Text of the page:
A Blog by Dauphine Press

Cinderella Stamps

Cinderella stamps look like postage stamps, but are not “genuine” as they are not government-issued. They cannot be used as postage, so they are the step-child of real stamps. As such, Cinderellas have a long and colorful history in the world of philately and are sought after by many collectors. On a recent project, we had a chance to create three Cinderellas for a collaborative piece that we designed and printed for Crane & Co. in conjunction with the Smithsonian National Postal Museum for the opening reception of Alphabetilately.

The exhibition (which has been extended until October 29, 2010!) explores 26 topics, each illustrated with a Cinderella created by a different graphic designer, one for each letter of the alphabet. They can be viewed on line here.

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Dauphine’s project featured three Cinderella stamps printed on dry-gummed paper and pinhole-perforated by hand. The Crane & Co. Cinderella depicts a cotton plant, referencing the fact that Crane makes 100% cotton papers. The National Postal Museum’s Cinderella has a global airmail motif, referencing the world of stamps. Dauphine Design’s Cinderella depicts a Savannah Sparrow, a motif we frequently use. The Dauphine and Crane “denominations” combine to make up the year (2008), and the Smithsonian’s stamp is valued at 15 NPMs referring to the Museum’s 15th anniversary.

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Our love of these faux postage stamps dates back to a much earlier project. For several years, Dauphine Press also had a retail stationery store. We taught workshops there, including a class on printing faux postage stamps which we printed on our Vandercook.

Invitation of the Week: Citron

Spring has finally hit everywhere around the country and this week we’re highlighting an invitation from our Dauphine Press custom collection that is the embodiment of spring itself: Citron.

This award-winning design was created by Katrina McHugh and prints in three colors: buttercup, leaf and espresso. On press, we capture a very high level of detail in the lemon branch image which derives from a vintage engraving. The Citron invitation won an International Design Award from How Magazine in 2009.

The Citron invitation sprung from a project we did for the esteemed Paula LeDuc catering in Emeryville, California. Paula wanted a bonbon box as a takeaway for their tastings and events. The company’s identity and stationery was restrained and classic, they had never before used a graphic image on any branded materials. But the lyrical lemon branch image resonated with Paula, and we designed the bonbon box that first introduced the image to their clients. We later developed an invitation for an event Paula le Duc held at Beaulieu Garden which evolved into our Citron wedding invitation.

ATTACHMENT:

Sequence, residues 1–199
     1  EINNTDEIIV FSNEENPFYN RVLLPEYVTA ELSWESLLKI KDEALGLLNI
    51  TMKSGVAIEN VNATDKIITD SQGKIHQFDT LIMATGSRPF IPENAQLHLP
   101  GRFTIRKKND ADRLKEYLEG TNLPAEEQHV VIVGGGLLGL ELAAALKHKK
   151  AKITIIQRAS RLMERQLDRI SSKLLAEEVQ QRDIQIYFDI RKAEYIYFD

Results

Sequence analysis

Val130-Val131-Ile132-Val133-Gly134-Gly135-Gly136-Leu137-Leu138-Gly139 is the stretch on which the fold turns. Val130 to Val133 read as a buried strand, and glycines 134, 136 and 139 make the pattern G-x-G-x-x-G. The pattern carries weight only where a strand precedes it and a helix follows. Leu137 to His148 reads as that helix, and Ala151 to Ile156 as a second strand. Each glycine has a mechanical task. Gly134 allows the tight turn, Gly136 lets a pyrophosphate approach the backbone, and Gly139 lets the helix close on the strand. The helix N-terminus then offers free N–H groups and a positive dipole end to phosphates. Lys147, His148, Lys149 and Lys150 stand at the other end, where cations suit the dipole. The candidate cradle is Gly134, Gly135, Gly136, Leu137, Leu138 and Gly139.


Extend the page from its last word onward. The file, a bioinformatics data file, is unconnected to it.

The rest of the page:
Inspiration comes from so many unexpected places! We hope your spring brings new inspired ideas to your world.

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Duke Basketball: Designing for the Winning Team

A few months back in the middle of a blizzard, our friend and 3/50 Project founder Cinda Baxter sent us a wonderful new client, Stacey Motley of The Paper Café in Raleigh, North Carolina. Stacey had a project she needed to be designed and printed on the fly for Duke University’s basketball team.

Stacey chose to die cut the invitation in the shape of a basketball. The piece was letterpress printed on double thick Crane Lettra. We did a blind hit of a the basketball texture into the background of the card which gave it added dimension.

Today we send our congratulations out to the Blue Devils on their 2010 NCAA win and also to the Butler Bulldogs for an amazing game last night!

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Mid-Winter Gala Invitation

Dauphine Design was proud to have been asked by the Junior Committee of the Fine Arts Museums of San Francisco to design and print an invitation for the Mid-Winter Gala on March 11th. The event coincided with the Cartier and America exhibit showing at the Legion of Honor. The invitation design was inspired by the famous Panthère de Cartier. Printed on double thick paper, a variation on the iconic panther image was blind hit (or impressed into the page without using ink). The exhibit was recently extended through May 9, 2010. If you live in the San Francisco Bay Area you should definitely stop in to take a peek at this amazing collection!

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